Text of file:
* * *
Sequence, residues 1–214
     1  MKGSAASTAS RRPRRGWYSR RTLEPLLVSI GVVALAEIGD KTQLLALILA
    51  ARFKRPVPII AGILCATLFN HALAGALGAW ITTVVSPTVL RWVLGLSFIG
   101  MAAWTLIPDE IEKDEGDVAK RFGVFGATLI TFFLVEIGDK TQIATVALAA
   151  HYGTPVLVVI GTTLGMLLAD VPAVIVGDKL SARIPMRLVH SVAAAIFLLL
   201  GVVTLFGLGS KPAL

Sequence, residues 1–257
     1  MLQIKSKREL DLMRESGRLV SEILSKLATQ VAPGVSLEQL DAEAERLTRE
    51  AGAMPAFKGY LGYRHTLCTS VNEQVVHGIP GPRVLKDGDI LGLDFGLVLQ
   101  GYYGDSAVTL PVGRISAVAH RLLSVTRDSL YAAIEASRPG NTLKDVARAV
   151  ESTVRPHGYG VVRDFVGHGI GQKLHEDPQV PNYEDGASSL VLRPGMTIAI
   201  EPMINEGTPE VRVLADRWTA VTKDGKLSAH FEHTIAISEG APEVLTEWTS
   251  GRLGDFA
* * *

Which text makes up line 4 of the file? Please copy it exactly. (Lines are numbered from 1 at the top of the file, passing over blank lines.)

   101  MAAWTLIPDE IEKDEGDVAK RFGVFGATLI TFFLVEIGDK TQIATVALAA